Is Humility a Virtue?

There is the old saw about the person who won an award for humility and had it withdrawn when the person attempted to accept it. Humility is a strange virtue. Some would not even consider it a virtue but rather a weakness–this was true in Greco-Roman culture. And, the truth is, the people I would consider most ‘humble’ probably wouldn’t consider themselves so, if they even give a thought to themselves.



I am currently reading The Rule of St Benedict and came across this chapter on “Humility”. He elaborates twelve steps toward humility–an interesting list to say the least:

1. Keep the fear of the Lord always before oneself.

2. Love not your own will nor the satisfaction of your own desires.

3. Submit to your superior (in the monastery) with all obedience.

4. Obey in difficult circumstances and embrace hardship or even unjust conditions.

5. Don’t conceal from your abbot the sinful thoughts that come into your heart!

6. Be content with the lowest and most menial condition.

7. Not only admit with your tongue but believe in your heart that you are inferior to all others.

8. Do only what is endorsed by the common rule of the monastery and follow the example of your superiors.

9. Control your tongue and do not speak unless asked a question.

10. Do not be given to ready laughter.

11. When you speak, do so briefly, without laughter, with modesty, brevity and reason.

12. Manifest humility in your bearing as well as your heart.

Some of these certainly reflect the context of the monastery, such as the rule of confessing sins, silence, following the common rules of the monastery. Yet even here I see some sense and am challenged–to whom do I admit my less commendable, yes even sinful, thoughts? How often have “too many words” gotten me into trouble (or at least bored my listeners!)? Haven’t some problems in organizational life simply come because I am too proud to submit to the direction of another–even though I do not mind giving direction?

There are some of these that do make sense–foremost, the fear of the Lord. Knowing that one is living one’s life before the God definitely keeps me honest about myself–I have no room for boasting. Obeying in difficult circumstances and being content with even what seems a menial place are actually freeing–freeing from the grasping and grumbling that come when I want to be somewhere else or don’t want to do what is required of me in a given place.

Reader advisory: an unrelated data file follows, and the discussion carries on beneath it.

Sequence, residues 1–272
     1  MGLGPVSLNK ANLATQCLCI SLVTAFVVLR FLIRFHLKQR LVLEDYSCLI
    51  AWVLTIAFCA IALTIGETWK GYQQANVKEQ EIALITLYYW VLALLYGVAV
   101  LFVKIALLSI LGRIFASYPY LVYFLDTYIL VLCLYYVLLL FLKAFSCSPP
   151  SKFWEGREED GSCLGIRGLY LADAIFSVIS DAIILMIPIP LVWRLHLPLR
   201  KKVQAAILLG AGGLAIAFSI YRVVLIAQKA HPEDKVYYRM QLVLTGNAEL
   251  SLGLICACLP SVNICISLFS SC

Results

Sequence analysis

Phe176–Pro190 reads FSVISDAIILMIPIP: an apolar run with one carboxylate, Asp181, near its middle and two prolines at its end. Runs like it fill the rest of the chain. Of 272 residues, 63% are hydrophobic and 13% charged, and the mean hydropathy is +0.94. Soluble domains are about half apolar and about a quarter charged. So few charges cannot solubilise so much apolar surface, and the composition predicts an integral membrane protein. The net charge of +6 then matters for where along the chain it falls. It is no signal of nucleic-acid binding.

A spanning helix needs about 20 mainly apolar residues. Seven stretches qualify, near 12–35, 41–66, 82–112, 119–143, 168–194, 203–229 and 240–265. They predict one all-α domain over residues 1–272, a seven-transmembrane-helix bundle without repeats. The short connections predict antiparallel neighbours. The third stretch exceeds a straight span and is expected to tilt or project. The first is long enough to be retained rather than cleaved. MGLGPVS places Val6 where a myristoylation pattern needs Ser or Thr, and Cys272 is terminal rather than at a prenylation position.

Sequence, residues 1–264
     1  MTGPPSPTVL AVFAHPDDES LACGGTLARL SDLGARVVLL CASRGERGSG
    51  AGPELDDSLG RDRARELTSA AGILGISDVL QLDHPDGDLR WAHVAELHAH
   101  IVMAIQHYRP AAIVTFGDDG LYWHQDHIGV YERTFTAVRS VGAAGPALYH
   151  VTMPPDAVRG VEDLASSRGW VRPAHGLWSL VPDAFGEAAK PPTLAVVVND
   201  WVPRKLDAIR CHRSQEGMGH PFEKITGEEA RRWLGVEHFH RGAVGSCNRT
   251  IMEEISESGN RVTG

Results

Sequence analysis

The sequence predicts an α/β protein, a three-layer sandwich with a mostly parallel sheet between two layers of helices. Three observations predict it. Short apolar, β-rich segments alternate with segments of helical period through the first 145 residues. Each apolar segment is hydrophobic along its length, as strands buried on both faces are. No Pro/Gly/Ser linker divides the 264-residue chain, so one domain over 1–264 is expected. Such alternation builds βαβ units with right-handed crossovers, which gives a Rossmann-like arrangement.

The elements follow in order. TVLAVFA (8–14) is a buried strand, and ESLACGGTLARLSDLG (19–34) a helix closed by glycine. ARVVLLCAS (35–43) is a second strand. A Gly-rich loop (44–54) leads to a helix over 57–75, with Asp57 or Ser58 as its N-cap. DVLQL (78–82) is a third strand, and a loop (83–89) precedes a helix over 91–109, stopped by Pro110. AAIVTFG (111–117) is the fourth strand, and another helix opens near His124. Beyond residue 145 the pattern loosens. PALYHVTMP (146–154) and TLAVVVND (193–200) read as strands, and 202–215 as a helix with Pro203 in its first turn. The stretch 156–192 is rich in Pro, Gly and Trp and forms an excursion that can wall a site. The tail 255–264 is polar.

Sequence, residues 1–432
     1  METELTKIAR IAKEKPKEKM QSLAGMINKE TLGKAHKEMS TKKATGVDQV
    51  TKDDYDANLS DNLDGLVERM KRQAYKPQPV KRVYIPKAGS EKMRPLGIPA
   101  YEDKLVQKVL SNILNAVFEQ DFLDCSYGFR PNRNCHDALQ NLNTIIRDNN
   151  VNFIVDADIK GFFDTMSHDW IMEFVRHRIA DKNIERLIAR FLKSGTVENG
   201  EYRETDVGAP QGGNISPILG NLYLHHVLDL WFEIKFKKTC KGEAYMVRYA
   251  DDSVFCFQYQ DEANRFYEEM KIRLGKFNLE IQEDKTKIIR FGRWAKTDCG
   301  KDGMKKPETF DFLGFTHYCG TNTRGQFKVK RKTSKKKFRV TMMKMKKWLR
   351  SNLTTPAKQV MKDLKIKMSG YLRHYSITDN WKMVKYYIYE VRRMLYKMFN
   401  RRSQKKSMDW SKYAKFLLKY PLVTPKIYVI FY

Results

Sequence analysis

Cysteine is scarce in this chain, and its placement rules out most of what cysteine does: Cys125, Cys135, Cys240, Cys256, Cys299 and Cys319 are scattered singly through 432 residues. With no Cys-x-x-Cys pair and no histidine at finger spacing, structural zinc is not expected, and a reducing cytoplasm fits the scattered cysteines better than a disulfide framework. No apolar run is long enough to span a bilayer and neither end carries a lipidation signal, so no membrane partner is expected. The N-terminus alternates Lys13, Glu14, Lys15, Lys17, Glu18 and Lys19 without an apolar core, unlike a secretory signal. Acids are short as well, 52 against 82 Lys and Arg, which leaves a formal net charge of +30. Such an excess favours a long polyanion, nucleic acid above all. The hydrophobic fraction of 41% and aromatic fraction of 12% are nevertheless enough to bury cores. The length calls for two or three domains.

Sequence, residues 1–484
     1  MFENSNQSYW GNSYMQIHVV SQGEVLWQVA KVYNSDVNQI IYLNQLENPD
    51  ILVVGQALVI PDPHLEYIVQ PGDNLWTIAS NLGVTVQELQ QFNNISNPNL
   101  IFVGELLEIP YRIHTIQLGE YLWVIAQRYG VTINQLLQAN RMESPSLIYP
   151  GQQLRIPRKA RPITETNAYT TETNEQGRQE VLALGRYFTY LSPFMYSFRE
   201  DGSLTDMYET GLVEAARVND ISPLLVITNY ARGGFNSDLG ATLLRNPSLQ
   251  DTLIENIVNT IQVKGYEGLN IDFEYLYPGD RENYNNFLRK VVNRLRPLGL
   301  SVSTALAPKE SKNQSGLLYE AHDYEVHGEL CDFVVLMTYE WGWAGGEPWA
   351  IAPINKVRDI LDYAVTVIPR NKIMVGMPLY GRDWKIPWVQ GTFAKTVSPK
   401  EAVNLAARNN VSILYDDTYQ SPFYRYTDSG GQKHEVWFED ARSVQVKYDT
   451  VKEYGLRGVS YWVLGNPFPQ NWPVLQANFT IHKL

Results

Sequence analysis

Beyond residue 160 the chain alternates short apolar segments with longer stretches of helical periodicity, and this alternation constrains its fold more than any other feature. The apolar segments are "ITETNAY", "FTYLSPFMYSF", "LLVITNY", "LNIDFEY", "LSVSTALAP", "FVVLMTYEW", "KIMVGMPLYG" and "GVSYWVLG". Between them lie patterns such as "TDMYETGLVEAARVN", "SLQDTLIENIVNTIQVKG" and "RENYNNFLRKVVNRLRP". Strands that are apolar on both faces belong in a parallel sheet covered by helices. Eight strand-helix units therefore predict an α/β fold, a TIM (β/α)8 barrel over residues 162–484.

Perhaps the one on which I am most “stuck” is the considering of myself inferior to all others. I actually wonder if Benedict may have gotten this wrong. I actually wonder whether any comparisons to others are beside the point–even though we frequently do this. We are each unique creations of God and uniquely accountable to Him for our lives. How can I appraise the gifts of God “inferior”? Many times, such comparisons just come off to me as false humility. Yet I am also reminded of how St Paul spoke of himself as the “chief of sinners” and he really did mean it as far as I can tell.

Benedict’s words come from another time–and seem like it! I remember the acronym IALAC from my son’s elementary school years–“I am lovable and capable”. What Benedict says seems to be miles away from the culture of affirmation. Yet what I wonder, and I want to read Benedict more closely for this, is whether in fact knowing that one is deeply loved by God, not for what we have done, but “just because” is the most humbling thing of all and if in fact this releases us to embrace at least some of Benedict’s steps, not as rules, but as the joyful practices of God’s beloved.

What are your thoughts on Benedict’s list and on the virtue of humility?

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